Establishing Environmental Principles for Golf Courses
The governing bodies of golf and golf course designers have recognised the importance of designing, constructing and managing golf courses in an environmentally sustainable manner. Golf courses can provide significant benefits to the environment if constructed and managed using best management practices. They can also result in water pollution, pesticide spills and the destruction of native vegetation if managed poorly. This chapter outlines the key issues and provides an overview of best environmental management practices.
Golf is growing as a recreational pastime and sport and in certain areas of Australia, golf course resorts are a key feature of tourist locations. In recent years an increasing number of publications (overseas and in Australia) have stressed the importance of good environmental management of golf courses. This chapter provides an overview of best environmental management practices found in some key publications available to golf course superintendents and staff. These practices are detailed in full in the following chapters, which focus on key issues such as water and pesticide management.
Summary of key environmental principles and practices from recent publications
Construction or re-construction of golf courses is the first step to sound environmental management. The document, Golf Courses — Benefits to the Community and Environment, produced by the Society of Australian Golf Course Architects highlights ten key benefits of golf courses. The benefits are:
(i) they provide wildlife sanctuaries;
(ii) they preserve open space and remnant vegetation in urban environments;
(iii) they protect topsoil from degradation;
(iv) they protect water resources;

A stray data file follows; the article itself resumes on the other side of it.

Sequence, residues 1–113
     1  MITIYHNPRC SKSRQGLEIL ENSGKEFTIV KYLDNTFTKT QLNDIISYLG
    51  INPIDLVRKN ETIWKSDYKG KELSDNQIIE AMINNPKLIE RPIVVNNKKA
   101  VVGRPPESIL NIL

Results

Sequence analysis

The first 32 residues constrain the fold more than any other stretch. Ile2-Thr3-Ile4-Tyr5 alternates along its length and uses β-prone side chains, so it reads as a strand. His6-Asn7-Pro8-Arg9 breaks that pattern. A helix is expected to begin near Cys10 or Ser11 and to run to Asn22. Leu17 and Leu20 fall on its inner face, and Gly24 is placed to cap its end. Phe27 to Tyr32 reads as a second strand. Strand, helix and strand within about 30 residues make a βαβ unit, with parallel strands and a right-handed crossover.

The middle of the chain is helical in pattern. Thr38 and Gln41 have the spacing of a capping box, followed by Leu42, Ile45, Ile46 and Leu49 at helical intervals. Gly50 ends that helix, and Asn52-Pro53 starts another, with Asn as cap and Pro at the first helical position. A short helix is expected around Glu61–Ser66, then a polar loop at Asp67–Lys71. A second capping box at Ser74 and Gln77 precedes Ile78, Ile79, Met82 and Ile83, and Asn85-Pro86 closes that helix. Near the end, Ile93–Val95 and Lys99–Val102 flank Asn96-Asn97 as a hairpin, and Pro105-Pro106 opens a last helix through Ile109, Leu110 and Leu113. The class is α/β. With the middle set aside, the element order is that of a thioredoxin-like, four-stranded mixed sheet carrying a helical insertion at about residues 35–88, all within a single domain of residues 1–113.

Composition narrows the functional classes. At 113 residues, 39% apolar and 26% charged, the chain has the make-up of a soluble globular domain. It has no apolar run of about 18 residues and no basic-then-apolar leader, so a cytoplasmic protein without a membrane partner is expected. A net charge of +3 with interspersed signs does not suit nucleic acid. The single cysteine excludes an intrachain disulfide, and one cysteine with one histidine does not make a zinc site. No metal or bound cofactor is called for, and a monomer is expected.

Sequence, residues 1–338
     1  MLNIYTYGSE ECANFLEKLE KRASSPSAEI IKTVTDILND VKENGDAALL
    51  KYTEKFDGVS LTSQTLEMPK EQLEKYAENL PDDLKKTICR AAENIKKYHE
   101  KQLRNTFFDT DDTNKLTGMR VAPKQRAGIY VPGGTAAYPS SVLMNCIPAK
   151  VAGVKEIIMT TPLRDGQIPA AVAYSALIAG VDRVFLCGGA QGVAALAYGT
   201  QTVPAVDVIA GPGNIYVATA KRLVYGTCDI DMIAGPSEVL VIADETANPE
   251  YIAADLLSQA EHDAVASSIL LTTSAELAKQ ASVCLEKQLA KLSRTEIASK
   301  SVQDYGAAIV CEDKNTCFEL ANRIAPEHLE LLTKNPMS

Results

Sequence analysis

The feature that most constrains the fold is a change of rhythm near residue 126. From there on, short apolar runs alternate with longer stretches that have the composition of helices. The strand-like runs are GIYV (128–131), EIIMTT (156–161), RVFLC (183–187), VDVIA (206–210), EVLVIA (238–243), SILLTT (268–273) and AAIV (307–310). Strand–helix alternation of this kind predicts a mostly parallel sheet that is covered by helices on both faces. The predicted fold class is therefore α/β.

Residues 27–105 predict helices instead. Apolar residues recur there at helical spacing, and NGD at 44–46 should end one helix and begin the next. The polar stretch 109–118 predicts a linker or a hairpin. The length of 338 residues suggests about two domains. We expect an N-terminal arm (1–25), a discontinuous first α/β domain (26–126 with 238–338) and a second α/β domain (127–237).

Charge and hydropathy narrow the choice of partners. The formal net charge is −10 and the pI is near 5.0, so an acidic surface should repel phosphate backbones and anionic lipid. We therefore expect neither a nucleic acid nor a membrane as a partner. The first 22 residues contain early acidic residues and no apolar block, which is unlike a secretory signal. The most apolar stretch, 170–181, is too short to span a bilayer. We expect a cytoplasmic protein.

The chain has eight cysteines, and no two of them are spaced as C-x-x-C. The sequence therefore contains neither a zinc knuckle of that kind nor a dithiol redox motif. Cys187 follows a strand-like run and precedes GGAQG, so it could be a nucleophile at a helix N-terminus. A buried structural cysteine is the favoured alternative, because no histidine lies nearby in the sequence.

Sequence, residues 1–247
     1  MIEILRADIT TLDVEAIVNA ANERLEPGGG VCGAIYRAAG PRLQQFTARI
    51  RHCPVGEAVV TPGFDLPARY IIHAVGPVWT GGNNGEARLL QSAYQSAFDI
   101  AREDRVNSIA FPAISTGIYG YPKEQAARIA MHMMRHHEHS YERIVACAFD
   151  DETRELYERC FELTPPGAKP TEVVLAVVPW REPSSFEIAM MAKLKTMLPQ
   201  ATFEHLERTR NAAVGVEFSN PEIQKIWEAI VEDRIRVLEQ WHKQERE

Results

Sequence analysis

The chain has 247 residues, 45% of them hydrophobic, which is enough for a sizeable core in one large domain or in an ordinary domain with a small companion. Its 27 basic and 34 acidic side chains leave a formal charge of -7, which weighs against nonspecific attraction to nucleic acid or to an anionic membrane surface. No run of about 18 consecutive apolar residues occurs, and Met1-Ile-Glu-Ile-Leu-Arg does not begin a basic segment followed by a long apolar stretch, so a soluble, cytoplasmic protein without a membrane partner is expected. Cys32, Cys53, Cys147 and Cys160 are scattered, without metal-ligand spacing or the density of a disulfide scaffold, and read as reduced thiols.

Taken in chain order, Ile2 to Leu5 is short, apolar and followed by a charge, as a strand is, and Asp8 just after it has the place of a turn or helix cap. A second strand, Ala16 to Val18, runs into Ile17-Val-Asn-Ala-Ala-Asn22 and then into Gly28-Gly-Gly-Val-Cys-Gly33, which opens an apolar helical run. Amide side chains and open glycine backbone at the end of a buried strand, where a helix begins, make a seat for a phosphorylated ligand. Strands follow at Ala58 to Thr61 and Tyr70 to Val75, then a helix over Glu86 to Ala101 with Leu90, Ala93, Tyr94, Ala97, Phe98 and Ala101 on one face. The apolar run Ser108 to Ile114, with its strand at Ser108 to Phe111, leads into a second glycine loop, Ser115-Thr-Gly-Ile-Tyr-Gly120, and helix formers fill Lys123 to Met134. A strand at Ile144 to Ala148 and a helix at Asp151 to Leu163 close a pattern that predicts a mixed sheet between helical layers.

(v) they rehabilitate degraded landscapes;
(vi) they promote physical and mental well-being;
(vii) they promote indigenous flora and fauna;
(viii) they improve air quality and moderate temperature;
(ix) they utilise and treat water resources such as sewage, stormwater and urban runoff;
(x) they beautify the environment and provide community education on environmental issues.
The Environmental Strategy for Australian Golf Courses (1998) identified the key environmental issues from an Australian perspective, provided information, promoted awareness of golf clubs as environmental assets and developed national guidelines for the environmental management of golf courses. Key management practices are outlined in the following one page summary:
Environmental Strategy for Australian Golf Courses (AGU)
Another resource was developed in the USA by a group of leading golf and environmental organisations. The set of principles (1996) they wrote aim to produce environmental excellence in:
• golf course planning and siting
• facility operations.
The set of principles is comprehensive and should be read in full if possible. The following key areas are worth highlighting in relation to eco-efficiency principles and practices:
Planning and siting
• Work closely with community groups and regulatory/permitting bodies.
• Undertake a detailed site analysis to determine potential environmental impacts.
• Take environmentally sensitive areas into account.
• Restore or enhance environmentally sensitive areas.
• Avoid unsuitable or sensitive sites (e.g. wetlands, habitats for threatened species, sensitive aquatic habitats)
• Aim to increase and enhance the range of indigenous Australian plants.
• Use golf course development as a means of restoring or rehabilitating previously degraded sites.
• Identify existing ecosystems and use these in the overall design.
• Retain native vegetation or replant it where appropriate in non-play areas.
• Use design to emphasise irrigation, drainage and retention systems that provide water conservation, protect water quality and ensure efficient water use.
• Implement water reuse (wastewater) strategies wherever they are economically feasible and environmentally and agronomically acceptable.
• Create buffer zones to protect high-quality surface waters and environmentally sensitive areas.
• Design the course with sustainable maintenance in mind. (The design should incorporate integrated plant management and resource conservation strategies that are environmentally responsible, efficient and cost-effective.)
• Use design to enhance and protect special environmental resource areas.
• Use qualified and experienced contractors.
• Develop and implement strategies to effectively control sediment, minimise loss of topsoil, protect water resources and reduce disruption to wildlife, plant species and designated environmental resource areas.